By Bill Pollock, president & principal consulting analyst, Strategies For Growth
There have been a great many changes in the global service community over the last decade or two. Things just simply are not the same today as they were just a couple of years ago — and that’s good! Technology has advanced, customers have become both more knowledgeable and more demanding with respect to what they want from their service providers, and most service organizations have taken additional steps to automate their service processes and bolster their service delivery capabilities.
In an effort to continually improve, one thing will always remain constant – and that is the need to interact with your customers.
In recent years, a majority of service organizations have moved from a traditional cost-center approach to running their service operations to a profit-center approach in an effort to improve the bottom line. As a result, we have seen many organizations transform themselves from a back-office function to a front-office business function, including representation at the executive level in the organization. Different organizations have gone through this evolution at a varying pace, depending on the market segments they serve, the demands of the customer, and the intensifying competitive environment.
In addition, we have seen most customers transition from primarily buying equipment to buying solutions, which has increased the need for customization and the development of professional services to deliver what the customer wants and needs. This has brought the global services community up to the level where most companies are now positioned to provide a palette of services and choices for the customer that meet their evolving demands and create both a stronger business partnership, as well as new business opportunities.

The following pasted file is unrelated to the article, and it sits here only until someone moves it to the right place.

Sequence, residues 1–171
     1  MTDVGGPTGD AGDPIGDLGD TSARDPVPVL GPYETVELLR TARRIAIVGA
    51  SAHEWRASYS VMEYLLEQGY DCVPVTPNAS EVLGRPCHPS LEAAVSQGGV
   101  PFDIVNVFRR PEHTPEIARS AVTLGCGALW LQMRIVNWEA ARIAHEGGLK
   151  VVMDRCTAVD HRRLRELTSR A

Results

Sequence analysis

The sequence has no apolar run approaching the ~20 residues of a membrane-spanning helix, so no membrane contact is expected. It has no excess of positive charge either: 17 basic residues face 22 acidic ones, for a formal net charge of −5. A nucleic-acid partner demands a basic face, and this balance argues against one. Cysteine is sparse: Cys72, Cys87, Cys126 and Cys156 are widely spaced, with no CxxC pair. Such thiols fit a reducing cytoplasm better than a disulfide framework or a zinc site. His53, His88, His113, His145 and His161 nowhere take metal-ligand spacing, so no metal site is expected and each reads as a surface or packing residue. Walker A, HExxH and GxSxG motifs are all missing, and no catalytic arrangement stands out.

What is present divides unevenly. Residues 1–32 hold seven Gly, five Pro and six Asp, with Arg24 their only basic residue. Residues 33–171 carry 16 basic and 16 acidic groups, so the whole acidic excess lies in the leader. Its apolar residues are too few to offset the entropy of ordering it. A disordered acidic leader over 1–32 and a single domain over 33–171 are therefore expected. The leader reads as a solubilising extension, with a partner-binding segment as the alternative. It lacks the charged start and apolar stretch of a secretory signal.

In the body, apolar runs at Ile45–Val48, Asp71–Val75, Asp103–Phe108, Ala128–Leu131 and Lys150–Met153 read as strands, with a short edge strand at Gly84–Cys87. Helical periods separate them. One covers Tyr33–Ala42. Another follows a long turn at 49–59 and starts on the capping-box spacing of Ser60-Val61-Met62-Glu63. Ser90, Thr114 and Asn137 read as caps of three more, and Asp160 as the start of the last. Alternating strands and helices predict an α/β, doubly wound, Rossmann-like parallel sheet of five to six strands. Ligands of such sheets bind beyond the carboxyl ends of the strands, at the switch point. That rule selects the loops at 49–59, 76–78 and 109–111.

This is especially true in a high-technology, connected services environment, as we see a much stronger trend in the development of long-term partnerships with customers, typically beginning with the initial contact by the sales team. However, this requires that the organization has in-depth expertise to develop customized solutions early in the sales cycle, regardless of whether this is at the equipment, software, or acquisition/financing portion of the cycle. As such, the focus remains on the customer, and delivering the solution that meets their needs and requirements.
Regardless of the size, type or geographic coverage of your services organization, the following represent some of the key areas where customer interaction must be planned for – and executed upon:
Since every service organization is different and highly dependent on the market in which it serves, some of the above-mentioned issues might not be particularly problematic – but they are food for thought. We have seen these trends taking hold in different segments of the global service community, and they might just be applicable to your organization as well. In any event, it never hurts to look for new ways to strengthen your customer relationships and thereby improve your competitive advantage in an otherwise highly competitive global marketplace.